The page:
On a half-lit, very English afternoon in January, Albert Square is an absolute masterpiece. Representing a London that has given the present the slip, it’s more a testament to the city of the 1950s, an era of smog, lodgers and rationing. Built at great expense, the Square was an anachronism even when it was unveiled in 1985, rather like that older generation of East End caricatures – owing a debt to Dickens – found supping in the Queen Vic and spouting malapropisms. (Dot Cotton, now Branning, is still with us – it’s as though the 1880s, let alone the 1980s, never went away.)
But if the backdrop remains, much has changed in the 30 years since Radio Times introduced Albert Square to the world with a cover that announced: “The EastEnders are here…” Characters have come and gone and the television landscape is transformed – the idea of 30 million tuning in for an episode, as happened at Christmas 1986, is laughable, even though the soap regularly pulls in seven million viewers.
London is changing almost as fast, where the immigrant population is on course to account for over half the capital’s residents within 16 years and the booming City has turned its neighbour, the East End, into prime real estate: the real square EastEnders was based on (Fassett Square in Hackney) now sees houses change hands for more than a million. The idea of an East End square that remains as recognisable to millions of working-class Londoners as it once did to those of us who grew up in these streets is the stuff of fantasy.
But this is entertainment, a “continuing drama” in television terminology, not reality. And in the 30 years since EastEnders first arrived in the national consciousness, one plot device has been central to its storylines – the sofa cushion. Whether it’s the leatherette lounger at the Brannings’, the Masoods’ velour settee or the flock three-seater at the Cotton household. This is where every Albert Square resident with a debt or a dirty secret conceals the evidence: a lover’s earring, the letter from a bailiff, a stolen child. No one will ever find it hidden there. At least until the next scene, seconds before the credits roll.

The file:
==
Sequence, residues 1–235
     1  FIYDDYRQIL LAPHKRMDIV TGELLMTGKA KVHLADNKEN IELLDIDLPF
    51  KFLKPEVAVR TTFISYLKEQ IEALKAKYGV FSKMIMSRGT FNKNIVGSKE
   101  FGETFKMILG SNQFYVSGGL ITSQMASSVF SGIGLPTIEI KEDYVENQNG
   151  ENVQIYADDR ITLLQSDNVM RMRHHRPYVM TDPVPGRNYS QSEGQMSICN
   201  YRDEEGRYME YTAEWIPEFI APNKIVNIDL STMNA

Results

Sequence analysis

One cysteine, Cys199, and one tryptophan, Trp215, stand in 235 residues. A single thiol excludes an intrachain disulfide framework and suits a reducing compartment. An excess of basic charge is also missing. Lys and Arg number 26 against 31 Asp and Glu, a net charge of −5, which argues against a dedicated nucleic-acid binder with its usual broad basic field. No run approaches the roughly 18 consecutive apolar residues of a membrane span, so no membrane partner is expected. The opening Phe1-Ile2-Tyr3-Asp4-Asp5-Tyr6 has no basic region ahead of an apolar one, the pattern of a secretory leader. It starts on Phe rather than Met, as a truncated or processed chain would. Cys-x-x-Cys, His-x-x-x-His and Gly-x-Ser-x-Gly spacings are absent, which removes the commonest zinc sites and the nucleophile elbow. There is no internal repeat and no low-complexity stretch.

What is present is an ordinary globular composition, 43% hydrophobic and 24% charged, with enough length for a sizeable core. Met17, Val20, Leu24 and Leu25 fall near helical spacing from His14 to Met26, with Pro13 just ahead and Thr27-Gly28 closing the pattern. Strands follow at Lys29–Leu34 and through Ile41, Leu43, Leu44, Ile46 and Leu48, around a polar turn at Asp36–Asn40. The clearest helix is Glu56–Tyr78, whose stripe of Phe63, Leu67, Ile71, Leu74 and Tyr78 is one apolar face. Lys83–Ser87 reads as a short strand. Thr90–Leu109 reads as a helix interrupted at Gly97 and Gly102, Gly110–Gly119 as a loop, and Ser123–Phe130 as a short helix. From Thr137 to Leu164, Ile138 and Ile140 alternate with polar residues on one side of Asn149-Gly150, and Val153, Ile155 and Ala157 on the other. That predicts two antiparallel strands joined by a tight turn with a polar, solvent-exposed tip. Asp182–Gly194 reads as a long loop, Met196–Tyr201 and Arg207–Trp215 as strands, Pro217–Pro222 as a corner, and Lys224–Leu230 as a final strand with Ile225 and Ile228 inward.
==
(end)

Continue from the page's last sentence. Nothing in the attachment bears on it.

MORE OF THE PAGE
This formulaic approach to plot development was just one of the problems that Dominic Treadwell-Collins needed to improve on when he became executive producer 18 months ago. “I’m a soap fan so I know all the formulas,” he says, seated in his Elstree office, minutes from the set of Albert Square, down the road from the affluent Hertfordshire village of Radlett where he grew up. “I want to break up the formula and surprise the audience so they’ll think, ‘Oh, it’s not behind the cushion.’”
He didn’t feel the show was particularly bad when he took on the job, but it was no longer arresting or challenging. “It was at its worst when it was bleak,” he adds. “It should be a challenging show. It’s about mess, it’s about how life can be pretty terrible, but you have to fight back.” He knows the history of EastEnders, having been a fan since a child, and has returned to the original stories to understand the intention of the show’s creators, Julia Smith and Tony Holland. “That very first episode was dirty and funny. The characters had no sheen, they looked like they’d been frying bacon all day, before getting dressed up to go to the pub in the evening.”